Valid uses of "nil" pointers in Go include:

The good news is that in Go, you don't forcibly have an "invalid" value adjoined to every pointer type. The bad news is, you are still forced to have some sort of a nil on all pointer types, so if you have a type for which you have no use for it, too bad, it's still there. And going the other way, if you need two distinguished special values (or three or four...), well, you can't have that, so you'll need to start doing the usual programming things (flags in the value, or start using interfaces with several implementations, etc.). You have one and exactly one of these Options, if you get my drift.

Yes, this is the "billion-dollar issue", slightly reduced in potency by the ability to have "valid" nils, but only slightly; you still have that nil forcibly adjoined to your type whether you like it or not. I'd like non-nullable pointers in Go myself. But this blog post is about what Go is today, not what it should be, which is a perfectly valid topic.

It is also a misconception that the nil interface and an interface containing a typed nil are the same thing. For one thing, specific nil pointers are always typed in Go, so they are in fact trivially not the same. This can be confusing because the programming language literal nil is not typed:

func tmp() {
    var x *int = nil   // legal; "nil" becomes a pointer to int
    var y *float = nil // legal; "nil" becomes a pointer to float
}

but that is because the literal string nil is a special constant that can take on arbitrary types. Numbers work the same way:

func tmp() {
    var x byte = 1     // legal: 1 becomes a byte
    var y int = 1      // legal: 1 becomes an int
    var z uint32 = 1   // legal: 1 becomes a uint32
}

The programming language literal 1 is not typed in the language spec; it becomes whatever it needs to be. This can pass through const statements:

const ONE = 1          // note no type given

func tmp() {
    var x byte = ONE     // legal: ONE becomes a byte
    var y int = ONE      // legal: ONE becomes an int
    var z uint32 = ONE   // legal: ONE becomes a uint32
}

However, "a nil interface" and "an interface containing nil" are not the same nil. One nil is of the interface's type, and the other nil is contained in the interface but has a specific other type that is not the interface. (Go does not nest interface values; an interface is always either nil, or contains a concrete type.) So, they are objectively not the same nil because they are two different types (in the Go language sense) of nil.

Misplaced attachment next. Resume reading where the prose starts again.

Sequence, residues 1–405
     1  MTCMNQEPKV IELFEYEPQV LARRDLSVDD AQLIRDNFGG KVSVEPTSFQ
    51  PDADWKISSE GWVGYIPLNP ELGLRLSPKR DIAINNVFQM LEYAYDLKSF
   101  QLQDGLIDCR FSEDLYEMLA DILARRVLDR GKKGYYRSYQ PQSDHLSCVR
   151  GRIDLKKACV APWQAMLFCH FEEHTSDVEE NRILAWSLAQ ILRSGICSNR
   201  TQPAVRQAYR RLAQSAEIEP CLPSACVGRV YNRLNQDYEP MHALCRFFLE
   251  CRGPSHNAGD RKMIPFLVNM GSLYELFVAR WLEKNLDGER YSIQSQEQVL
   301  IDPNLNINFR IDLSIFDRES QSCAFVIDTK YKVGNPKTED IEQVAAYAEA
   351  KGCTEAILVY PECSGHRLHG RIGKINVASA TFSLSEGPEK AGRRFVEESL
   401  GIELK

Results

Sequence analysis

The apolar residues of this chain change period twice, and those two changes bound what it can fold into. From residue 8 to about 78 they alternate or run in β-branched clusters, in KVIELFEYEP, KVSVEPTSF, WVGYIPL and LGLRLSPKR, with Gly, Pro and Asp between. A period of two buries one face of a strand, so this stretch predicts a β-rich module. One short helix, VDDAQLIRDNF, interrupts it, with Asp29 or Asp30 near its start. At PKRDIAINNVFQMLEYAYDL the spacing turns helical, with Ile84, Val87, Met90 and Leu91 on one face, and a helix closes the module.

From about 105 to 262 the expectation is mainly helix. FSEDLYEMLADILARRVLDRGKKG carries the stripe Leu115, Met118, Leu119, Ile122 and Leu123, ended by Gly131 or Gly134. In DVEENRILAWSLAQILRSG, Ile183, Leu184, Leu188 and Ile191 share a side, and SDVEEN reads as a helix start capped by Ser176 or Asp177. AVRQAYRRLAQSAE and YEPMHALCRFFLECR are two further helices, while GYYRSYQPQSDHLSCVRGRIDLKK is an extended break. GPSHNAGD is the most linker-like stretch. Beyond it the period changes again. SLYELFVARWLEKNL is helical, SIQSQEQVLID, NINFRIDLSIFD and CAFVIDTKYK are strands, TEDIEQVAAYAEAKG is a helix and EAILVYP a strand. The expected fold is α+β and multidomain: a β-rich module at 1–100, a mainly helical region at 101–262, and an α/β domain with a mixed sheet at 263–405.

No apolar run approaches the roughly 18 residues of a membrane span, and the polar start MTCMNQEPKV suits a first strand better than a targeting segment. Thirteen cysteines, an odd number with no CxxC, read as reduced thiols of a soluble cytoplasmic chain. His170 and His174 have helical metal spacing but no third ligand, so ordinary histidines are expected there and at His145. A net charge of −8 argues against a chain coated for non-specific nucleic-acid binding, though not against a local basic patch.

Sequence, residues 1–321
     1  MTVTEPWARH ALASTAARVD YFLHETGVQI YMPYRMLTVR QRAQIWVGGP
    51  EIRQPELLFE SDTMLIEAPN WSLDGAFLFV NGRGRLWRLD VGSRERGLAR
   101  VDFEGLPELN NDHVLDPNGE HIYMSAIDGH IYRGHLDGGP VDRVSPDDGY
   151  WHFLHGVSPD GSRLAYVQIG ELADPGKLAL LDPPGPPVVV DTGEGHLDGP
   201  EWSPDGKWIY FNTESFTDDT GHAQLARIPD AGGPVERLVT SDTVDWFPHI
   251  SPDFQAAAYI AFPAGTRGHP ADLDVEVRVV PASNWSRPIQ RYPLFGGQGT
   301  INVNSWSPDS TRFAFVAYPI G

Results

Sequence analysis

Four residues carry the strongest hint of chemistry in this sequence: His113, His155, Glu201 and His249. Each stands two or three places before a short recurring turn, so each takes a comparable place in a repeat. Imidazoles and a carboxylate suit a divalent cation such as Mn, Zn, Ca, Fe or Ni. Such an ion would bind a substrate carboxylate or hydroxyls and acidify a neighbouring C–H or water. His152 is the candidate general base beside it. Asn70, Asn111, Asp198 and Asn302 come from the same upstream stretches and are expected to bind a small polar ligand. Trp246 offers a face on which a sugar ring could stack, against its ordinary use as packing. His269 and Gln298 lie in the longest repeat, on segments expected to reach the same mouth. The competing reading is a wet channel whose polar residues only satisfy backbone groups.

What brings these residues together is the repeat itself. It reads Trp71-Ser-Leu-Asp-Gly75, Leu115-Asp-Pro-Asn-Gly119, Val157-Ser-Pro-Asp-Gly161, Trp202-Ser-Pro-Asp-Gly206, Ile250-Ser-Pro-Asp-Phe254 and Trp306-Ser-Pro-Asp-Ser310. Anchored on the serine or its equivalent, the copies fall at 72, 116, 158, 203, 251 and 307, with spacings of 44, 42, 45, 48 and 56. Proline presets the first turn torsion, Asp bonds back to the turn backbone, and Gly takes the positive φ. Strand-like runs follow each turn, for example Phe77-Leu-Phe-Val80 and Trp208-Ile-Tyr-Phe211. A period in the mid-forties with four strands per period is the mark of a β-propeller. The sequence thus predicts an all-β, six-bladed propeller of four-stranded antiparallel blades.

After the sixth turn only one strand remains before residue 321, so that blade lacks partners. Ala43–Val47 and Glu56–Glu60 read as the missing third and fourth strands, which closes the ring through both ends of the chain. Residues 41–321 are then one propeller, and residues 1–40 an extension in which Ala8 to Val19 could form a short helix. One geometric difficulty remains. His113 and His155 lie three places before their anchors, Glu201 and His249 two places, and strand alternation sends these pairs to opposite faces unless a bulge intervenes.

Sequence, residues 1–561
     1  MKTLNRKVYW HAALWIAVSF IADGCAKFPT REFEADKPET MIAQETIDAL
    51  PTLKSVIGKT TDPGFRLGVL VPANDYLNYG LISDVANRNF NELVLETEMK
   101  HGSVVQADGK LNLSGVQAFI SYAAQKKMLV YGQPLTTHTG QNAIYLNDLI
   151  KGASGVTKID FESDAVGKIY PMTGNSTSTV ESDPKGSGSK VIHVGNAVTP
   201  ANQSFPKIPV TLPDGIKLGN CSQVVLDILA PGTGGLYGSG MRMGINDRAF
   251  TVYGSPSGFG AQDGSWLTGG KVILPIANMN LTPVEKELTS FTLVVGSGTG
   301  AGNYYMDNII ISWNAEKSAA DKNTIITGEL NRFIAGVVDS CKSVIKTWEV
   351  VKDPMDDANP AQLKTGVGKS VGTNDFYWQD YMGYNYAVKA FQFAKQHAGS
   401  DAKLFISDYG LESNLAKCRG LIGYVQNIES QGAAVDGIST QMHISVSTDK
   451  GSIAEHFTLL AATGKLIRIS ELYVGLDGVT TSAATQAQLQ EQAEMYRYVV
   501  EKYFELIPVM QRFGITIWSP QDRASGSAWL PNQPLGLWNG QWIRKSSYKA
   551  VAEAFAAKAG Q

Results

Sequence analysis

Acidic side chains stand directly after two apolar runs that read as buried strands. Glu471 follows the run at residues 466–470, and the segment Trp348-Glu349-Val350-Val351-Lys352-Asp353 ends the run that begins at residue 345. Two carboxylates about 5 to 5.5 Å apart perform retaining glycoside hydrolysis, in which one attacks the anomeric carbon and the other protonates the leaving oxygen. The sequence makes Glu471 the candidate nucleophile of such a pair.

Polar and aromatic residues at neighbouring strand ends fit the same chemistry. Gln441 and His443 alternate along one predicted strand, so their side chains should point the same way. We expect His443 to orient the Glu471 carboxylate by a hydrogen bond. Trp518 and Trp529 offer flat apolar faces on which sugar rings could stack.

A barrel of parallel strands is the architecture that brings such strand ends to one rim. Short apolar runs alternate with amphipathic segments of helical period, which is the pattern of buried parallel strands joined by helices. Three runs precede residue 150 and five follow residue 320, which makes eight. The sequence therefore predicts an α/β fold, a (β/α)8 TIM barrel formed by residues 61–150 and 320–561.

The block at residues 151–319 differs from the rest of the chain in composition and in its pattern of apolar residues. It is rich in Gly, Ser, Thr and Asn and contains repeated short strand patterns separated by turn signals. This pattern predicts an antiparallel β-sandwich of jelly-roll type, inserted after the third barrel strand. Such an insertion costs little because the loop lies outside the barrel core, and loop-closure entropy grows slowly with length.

Consequently, it is not a well-defined operation to collapse both of these cases, because it is not clear what the type of the resulting value should be. Neither the interface type nor the underlying concrete type is fully correct.

The Software Engineering Bug

The software engineering bug that is the topic of this perennial discussion is writing an interface:

type DoesAThing interface {
    Thing()
}

To then create some type that implements it on a pointer value that can't be called by nil:

type ThingDoer struct {
     thingsDone int
}

func (td *ThingDoer) Thing() {
     td.thingsDone++
}

(A very common pattern to assume that td won't be nil and not check for it, so if this method is called on a nil ThingDoer pointer it will result in a panic.)

And then write code like this:

func WillPanic() {
     var thingDoer *ThingDoer     // a nil *ThingDoer

     // assign that into an interface
     var someThing DoesAThing = thingDoer 
     someThing.Thing()                // panic!
}

Of course these three things will end up separated by some more code, so it isn't so stark; an arbitrary distance in the code can separate the creation of a nil and the assignment of that into the interface.

But even this is really just a plain ol' bug. What makes this interesting and contentious is...

The Attribution Error

The final error here lies in attributing the error to the line

    someThing.Thing()

This is not the error. This line is correct.

The error is on the line:

    var someThing DoesAThing = thingDoer

After that line, you had already lost. The program state was irretrievably scrambled and the only question is when the error is going to manifest.

Why?

What is an interface? It is a promise that the value inside the interface can perform certain methods. It is supposed to allow you to abstract away from what concrete types may be in that interface and deal with the value strictly over the interface.

This line is where the bug is because this line of code is a lie. It is a claim that thingDoer is capable of being operated on strictly through the ThingDoer interface. It can't. If you try, it will panic. In this case, the nil is an invalid implementation, not because it is an invalid Go value, but because it is an invalid implementation of the interface.

In fact, while nil pointers are certainly far and away the most common manifestation of this problem, the following code is equally flawed for the same reason:

type AnotherDoer struct {
    beNaughty bool
}

// Note how this is not even a pointer type!
func (ad AnotherDoer) Thing() {
    if ad.beNaughty {
        panic("did I do that?")
    }
}

func anotherLie() {
    var someThing DoesAThing = AnotherDoer{true}
    someThing.Thing()
}